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Better Transport Links Could Help Fix a Broken Housing Market

Why are UK house prices so high, especially in London and the South East? The possible explanations are well rehearsed. For some, it’s all Mrs Thatcher’s fault. When she decided home-ownership was the only way to go in the 1980s, local authorities stopped building council houses, triggering a boom in private property prices.

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More recently, it’s been argued that Nimbyism and tight planning restrictions are to blame. Indeed, this was the explanation cited by the Chancellor in his 2017 Budget. Phil Hammond promised changes to the planning system to encourage better use of land in cities and towns, meaning more homes can be built while protecting the green belt.

But a new study by housing expert David Miles, Professor of Financial Economics at Imperial College Business School, suggests that policymakers are mistaken if they think planning reforms are the only answer to Britain’s housing crisis.

Prof Miles, who is a former member of the Bank of England’s Monetary Policy Committee, argues that just as important is major investment in the nation’s crumbling transport infrastructure.

Writing on VOX, the economic policy portal of the Centre for Economic Policy Research, Prof Miles says there’s nothing unique about UK house prices rising much faster in recent decades than the prices of most other things, such as cars, food, clothes, energy and travel. It’s happened in other property hot spots such as San Francisco, Paris, Hong Kong and New York, too.

His research suggests that the rising costs of building houses are only a tiny part of the reason for the huge rise in the relative price of houses, which are three times as expensive now in the UK as they were in the early 1980s.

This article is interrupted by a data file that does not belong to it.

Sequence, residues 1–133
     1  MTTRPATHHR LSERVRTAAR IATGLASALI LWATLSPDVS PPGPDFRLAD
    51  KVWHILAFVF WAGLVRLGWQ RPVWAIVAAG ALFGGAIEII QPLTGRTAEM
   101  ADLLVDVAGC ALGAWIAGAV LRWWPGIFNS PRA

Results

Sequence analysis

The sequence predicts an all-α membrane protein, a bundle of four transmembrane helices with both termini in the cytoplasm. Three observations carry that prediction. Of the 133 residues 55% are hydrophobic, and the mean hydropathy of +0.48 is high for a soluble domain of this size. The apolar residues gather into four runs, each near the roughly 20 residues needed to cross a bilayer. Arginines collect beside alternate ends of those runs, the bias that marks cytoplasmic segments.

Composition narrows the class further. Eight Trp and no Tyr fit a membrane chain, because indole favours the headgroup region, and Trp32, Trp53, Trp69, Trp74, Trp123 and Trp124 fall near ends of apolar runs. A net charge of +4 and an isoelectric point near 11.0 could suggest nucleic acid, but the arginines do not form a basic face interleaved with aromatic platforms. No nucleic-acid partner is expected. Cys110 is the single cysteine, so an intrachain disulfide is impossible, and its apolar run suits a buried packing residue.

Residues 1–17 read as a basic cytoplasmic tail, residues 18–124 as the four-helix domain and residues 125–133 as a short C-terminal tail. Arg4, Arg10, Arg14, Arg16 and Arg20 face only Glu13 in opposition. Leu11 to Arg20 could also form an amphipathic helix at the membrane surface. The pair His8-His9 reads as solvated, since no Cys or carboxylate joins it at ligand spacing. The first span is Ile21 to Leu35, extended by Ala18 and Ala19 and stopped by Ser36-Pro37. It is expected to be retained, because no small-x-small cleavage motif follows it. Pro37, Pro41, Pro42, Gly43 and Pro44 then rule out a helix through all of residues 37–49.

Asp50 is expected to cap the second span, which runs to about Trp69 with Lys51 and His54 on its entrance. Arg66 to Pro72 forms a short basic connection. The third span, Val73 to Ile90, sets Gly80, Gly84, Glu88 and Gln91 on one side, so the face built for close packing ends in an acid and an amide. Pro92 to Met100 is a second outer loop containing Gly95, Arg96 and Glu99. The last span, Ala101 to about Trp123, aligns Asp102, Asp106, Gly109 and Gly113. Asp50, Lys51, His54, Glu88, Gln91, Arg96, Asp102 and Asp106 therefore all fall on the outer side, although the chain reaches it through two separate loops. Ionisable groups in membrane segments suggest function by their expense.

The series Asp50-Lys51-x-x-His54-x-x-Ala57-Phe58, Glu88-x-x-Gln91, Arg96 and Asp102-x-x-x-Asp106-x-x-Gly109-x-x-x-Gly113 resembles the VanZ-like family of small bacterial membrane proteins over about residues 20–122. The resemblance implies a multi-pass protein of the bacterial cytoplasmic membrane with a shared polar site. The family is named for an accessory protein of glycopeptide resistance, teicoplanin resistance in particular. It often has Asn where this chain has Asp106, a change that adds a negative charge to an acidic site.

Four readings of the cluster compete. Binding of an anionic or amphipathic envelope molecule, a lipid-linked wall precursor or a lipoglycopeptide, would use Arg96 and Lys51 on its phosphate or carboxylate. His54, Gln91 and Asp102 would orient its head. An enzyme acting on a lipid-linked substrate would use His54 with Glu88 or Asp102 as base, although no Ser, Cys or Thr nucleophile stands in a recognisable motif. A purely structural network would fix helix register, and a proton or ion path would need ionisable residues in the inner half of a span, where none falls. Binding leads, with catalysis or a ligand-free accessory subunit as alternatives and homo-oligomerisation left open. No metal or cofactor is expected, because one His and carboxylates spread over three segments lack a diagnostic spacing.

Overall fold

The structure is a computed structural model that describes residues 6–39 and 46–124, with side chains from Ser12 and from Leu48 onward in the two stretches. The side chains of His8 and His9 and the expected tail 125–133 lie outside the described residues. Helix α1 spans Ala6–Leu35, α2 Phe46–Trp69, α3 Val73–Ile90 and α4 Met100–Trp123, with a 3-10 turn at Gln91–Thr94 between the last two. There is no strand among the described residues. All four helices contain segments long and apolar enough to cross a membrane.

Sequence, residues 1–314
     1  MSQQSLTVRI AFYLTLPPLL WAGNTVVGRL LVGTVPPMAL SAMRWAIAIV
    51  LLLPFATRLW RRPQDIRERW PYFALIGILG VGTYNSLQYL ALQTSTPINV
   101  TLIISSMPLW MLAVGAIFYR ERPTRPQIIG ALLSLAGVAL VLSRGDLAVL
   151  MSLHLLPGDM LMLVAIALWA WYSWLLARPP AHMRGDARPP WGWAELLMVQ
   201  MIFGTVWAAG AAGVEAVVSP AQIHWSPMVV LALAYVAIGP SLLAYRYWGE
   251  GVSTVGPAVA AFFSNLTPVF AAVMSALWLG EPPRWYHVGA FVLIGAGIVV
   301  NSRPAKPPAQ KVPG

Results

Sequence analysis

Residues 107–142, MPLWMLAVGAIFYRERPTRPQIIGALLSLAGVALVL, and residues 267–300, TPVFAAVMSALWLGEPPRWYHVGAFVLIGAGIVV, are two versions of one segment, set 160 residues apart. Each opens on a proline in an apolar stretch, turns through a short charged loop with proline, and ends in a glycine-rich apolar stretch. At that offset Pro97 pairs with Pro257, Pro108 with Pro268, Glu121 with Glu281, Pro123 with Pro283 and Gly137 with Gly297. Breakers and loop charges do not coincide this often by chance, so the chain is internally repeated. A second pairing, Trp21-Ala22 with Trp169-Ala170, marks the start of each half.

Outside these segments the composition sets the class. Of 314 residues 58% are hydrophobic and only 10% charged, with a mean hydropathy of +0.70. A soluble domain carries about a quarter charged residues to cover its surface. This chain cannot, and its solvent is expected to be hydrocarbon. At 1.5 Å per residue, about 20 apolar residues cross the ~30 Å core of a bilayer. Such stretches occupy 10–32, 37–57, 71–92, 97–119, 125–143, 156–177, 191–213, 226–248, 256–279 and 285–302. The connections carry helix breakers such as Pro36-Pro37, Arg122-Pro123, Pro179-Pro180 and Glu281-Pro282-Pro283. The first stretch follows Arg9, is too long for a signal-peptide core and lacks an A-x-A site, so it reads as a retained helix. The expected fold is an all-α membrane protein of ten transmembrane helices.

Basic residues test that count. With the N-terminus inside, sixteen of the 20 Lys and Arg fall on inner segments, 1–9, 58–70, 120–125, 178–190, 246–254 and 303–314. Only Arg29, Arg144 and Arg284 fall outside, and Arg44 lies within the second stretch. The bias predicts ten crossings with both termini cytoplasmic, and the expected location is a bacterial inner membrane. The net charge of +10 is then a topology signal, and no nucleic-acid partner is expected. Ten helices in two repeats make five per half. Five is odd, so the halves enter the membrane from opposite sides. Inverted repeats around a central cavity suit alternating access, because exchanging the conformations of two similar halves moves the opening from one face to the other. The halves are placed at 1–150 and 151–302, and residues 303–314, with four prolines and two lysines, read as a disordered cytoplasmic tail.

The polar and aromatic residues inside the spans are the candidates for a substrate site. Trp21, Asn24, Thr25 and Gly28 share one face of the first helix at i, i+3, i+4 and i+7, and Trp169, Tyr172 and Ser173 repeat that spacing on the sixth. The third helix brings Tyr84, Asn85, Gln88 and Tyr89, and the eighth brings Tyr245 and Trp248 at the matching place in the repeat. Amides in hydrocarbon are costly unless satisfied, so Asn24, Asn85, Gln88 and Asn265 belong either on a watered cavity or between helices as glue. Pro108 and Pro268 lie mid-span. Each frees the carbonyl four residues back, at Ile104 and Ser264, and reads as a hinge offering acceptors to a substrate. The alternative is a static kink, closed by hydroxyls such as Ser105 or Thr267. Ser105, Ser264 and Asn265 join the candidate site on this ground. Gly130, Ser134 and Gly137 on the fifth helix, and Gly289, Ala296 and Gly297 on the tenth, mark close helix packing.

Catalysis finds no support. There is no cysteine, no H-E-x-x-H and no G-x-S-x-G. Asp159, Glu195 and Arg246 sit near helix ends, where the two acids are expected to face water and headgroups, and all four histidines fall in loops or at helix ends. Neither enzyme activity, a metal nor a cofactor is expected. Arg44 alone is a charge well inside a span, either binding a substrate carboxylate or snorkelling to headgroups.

Increases in the cost of land are much more important, he says, but the question then is: why have land values risen so much?

“Part of that answer is connected to planning restrictions – and some people are satisfied to leave that as the answer,” say Prof Miles. “But those restrictions are not arbitrary – they are neither random nor exogenous (external to the housing market). Such restrictions exist in most countries. They are typically most binding in parts of countries where population densities and house prices have become high and they reflect underlying forces that make densities and valuations high.”

Prof Miles says that two of the most important underlying forces at work are a combination of the supply of suitable land and transport improvements. Taking a long view, he says that there was no real change in real house prices in the UK or other developed countries between the mid-19th and mid 20th centuries. This was because transport improvements and economic productivity grew together at the same pace.

But once travel improvements, such as faster commuting speeds, fell back relative to economic growth, as they have done in recent decades, house prices started to rocket. He concludes that better transport infrastructure and shorter travel times would increase how far away from the most densely populated and popular urban centre people could live, thereby reducing, though not eliminating, demand and price pressures in property hot spots.

For more progress to be made, however, it would also require the reversal of several other powerful forces underpinning house price growth, including steadily rising population and productivity growth, a general unwillingness to live in high rise flats and resistance to spending less on housing relative to other goods and services. These are all challenging problems to solve simultaneously, which suggests that, notwithstanding short-term cyclical variations, the medium to long-term secular trend for prices in popular and prosperous parts of the country remains upwards.

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